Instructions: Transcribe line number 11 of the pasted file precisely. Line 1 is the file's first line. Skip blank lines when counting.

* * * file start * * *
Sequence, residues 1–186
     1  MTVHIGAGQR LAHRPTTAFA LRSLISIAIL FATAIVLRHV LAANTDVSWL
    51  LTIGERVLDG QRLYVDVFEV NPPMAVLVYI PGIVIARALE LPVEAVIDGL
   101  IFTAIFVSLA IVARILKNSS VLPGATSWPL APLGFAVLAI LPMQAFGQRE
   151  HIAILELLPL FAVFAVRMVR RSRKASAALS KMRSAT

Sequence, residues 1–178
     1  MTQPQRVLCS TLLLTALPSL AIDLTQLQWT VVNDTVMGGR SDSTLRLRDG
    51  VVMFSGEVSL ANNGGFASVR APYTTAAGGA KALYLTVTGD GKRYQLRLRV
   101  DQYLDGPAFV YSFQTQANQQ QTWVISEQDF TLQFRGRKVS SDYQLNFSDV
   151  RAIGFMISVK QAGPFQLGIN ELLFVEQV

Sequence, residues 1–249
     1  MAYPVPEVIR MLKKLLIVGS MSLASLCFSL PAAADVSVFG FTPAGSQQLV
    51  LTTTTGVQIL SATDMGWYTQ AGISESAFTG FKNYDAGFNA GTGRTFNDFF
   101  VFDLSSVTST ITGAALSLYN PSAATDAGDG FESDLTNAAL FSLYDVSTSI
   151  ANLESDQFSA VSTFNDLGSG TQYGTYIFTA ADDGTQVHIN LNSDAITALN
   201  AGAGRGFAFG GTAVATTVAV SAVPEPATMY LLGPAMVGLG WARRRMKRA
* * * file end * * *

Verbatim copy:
Sequence, residues 1–249